regime simpler, more coherent and more internationally competitive with similar participation exemption regimes in other European
countries. Yesterday the Government confirmed that the exemption will indeed be changed from April 2017 with the aim of meeting
these policy objectives. As well as a general simplification of the rules, it will no longer be necessary for a corporate shareholder to be a
member of a trading group and the regime will be extended to apply on a more comprehensive basis to disposals of shares in companies
owned by qualifying institutional investors. Taken together, these changes are likely to result in the exemption being available to a wider
range of investors and taxpayers such as private equity and sovereign wealth funds, who may not previously have met the conditions. This
is a welcome change and is part of the UK’s continuing efforts to be recognised as one of the most attractive locations for investment and
the establishment of holding companies.
• Anti-hybrid mismatch rules: The Government has announced that it intends to legislate to amend the anti-hybrid rules in the Finance Bill
2017, to make “minor changes” to ensure that the legislation works as intended. The changes are intended to have effect from 1 January
2017. The Government has indicated that the changes will concern financial sector timing claims and the rules on amortisation deductions.
REAL ESTATE TAX
• The taxation of UK real estate has perhaps been subject to more change in the last 5 years than any other area of tax. In continuing
this trend, the Government has announced a consultation next year on bringing non-UK resident companies that receive UK taxable
income into the corporation tax regime. If this change is implemented, it would be a major change to the way non-UK resident corporate
landlords are taxed and would bring them within the scope of UK corporation tax rather than being subject to UK income tax as is
currently the case. It would also ensure that non-UK resident corporate landlords are subject to the same limitations in respect of
interest expense deductibility as UK resident corporate landlords. This would also presumably equalise the rate of tax on rental income
given that non-UK resident corporate landlords will be subject to a 19% corporation tax rate from April 2017 whereas a non-UK resident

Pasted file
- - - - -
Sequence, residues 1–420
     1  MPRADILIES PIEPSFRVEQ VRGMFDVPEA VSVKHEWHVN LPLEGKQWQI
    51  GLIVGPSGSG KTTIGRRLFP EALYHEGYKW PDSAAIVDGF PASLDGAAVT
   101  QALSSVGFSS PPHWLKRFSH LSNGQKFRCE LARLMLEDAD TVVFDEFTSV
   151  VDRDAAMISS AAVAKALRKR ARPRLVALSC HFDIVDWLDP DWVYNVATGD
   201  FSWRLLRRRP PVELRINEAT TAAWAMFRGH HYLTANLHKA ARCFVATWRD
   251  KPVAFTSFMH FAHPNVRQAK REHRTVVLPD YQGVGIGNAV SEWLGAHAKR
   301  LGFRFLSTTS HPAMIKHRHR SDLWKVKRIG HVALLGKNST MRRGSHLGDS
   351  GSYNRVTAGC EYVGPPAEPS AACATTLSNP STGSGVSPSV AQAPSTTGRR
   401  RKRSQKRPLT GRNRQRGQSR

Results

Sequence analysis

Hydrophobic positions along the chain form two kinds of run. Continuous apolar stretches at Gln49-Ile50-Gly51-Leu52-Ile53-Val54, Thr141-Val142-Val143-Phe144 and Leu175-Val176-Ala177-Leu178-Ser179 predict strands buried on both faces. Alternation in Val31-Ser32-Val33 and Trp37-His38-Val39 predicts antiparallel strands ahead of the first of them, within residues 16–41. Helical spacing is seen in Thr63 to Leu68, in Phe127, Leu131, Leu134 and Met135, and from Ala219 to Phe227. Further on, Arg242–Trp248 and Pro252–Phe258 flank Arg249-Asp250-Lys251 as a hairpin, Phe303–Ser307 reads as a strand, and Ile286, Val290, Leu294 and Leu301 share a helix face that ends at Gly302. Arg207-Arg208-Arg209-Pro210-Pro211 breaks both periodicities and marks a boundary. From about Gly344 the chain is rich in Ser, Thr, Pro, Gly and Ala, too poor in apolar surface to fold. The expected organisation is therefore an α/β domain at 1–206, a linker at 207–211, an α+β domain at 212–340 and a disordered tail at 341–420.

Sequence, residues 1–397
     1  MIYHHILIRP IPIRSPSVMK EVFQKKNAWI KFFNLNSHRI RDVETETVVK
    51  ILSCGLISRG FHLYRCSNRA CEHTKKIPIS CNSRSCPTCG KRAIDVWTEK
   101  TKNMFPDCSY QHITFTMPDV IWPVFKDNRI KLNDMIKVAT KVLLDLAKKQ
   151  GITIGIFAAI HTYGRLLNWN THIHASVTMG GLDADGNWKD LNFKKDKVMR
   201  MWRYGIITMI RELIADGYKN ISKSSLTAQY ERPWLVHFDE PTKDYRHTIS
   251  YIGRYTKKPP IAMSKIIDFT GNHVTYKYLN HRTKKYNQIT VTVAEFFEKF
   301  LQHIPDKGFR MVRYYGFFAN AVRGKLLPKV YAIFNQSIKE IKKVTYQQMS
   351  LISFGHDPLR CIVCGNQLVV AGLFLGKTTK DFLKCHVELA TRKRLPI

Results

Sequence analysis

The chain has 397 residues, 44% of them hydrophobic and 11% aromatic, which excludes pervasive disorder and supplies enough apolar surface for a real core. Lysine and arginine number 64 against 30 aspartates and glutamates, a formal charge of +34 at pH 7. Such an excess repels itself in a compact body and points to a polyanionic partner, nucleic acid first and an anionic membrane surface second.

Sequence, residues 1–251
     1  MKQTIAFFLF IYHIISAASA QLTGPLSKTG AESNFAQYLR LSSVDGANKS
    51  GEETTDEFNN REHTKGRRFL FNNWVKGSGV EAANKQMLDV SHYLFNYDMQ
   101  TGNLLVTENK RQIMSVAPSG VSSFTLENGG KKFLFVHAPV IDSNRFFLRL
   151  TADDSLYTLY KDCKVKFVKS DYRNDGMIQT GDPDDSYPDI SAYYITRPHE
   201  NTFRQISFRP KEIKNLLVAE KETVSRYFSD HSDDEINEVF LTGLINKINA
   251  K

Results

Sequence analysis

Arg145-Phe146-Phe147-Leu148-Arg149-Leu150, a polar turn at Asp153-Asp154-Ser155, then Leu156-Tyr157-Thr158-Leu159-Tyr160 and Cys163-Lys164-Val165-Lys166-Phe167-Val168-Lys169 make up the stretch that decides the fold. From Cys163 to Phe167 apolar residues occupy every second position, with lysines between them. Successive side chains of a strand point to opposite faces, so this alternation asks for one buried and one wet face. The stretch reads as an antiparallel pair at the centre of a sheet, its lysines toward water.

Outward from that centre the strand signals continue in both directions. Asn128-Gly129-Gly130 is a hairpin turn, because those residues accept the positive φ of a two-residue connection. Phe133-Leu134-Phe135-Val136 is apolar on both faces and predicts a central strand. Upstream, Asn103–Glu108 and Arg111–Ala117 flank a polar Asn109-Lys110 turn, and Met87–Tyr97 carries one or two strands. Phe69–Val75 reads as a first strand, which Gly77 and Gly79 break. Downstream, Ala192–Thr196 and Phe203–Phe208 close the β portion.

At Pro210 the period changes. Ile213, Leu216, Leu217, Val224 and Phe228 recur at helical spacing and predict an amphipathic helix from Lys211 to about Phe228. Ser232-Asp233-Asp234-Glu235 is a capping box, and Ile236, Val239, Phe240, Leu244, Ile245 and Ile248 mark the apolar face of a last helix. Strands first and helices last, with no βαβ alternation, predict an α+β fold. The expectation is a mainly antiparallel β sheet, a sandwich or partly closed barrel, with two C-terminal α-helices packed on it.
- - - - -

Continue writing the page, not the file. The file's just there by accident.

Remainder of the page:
corporate landlord is currently subject to 20% income tax on net rental profits. It remains to be seen whether the Government will
then seek to ensure gains arising to non-UK resident corporate landlords on a disposal of UK commercial property are subject to UK
corporation tax to really level the playing field in the taxation of UK real estate.
OIL & GAS
• Whilst there have been no announcements on significant changes to the UK oil and gas tax regime, the Chancellor confirmed the
Government’s commitment to ensure the UK oil and gas tax regime continues to support recovery from the UK continental shelf as
the basin matures. The specific activities to be encouraged include exploration, cost effective asset stewardship and cost effective
• The Government has worked collaboratively with industry since the December 2014 reform of the fiscal regime, and whilst that
collaborative approach failed to secure HMRC Oil & Gas resources in Aberdeen, it has led to discussions on measures of interest,
including (i) a basin-wide investment allowance, (ii) tax incentives to encourage investment in the UK continental shelf throughout
the field life cycle and (iii) simplification of the administration of Petroleum Revenue Tax so that the opt-out procedure is made much
more straight forward (by election in writing and notification to HMRC). In addition, oil allowance and tax liability instalment reporting
requirements are removed for the relevant PRT Forms. These changes are welcomed, as is the Government’s commitment to promote
certainty and simplicity in the tax system more generally.
IP / INNOVATION
• Patent Box: From 1 April 2017, where two or more companies carry out R&D under a cost-sharing agreement, there will be no adverse
impact on the amount of their income qualifying for the reduced rate of tax under the patent box, provided that they incur expenses in
proportion to their respective shares of income under the agreement. This will allow multinational companies more flexibility to structure
their global R&D functions whilst satisfying the modified nexus rules.
• R&D: A focus on the UK R&D environment will be a welcome part of the UK’s tax strategy for those considering such investment in the
UK. This support will in part take the form of a new ‘Industrial Strategy Challenge Fund’ designed to set ‘identifiable challenges for UK
researchers to tackle’. What this means in practice remains to be seen. Also announced is a review of the R&D tax environment to ‘make
the UK an even more competitive place to do R&D.’
• Closure notice rules: The Government will legislate to reform the closure rules for HMRC enquiries to provide HMRC and customers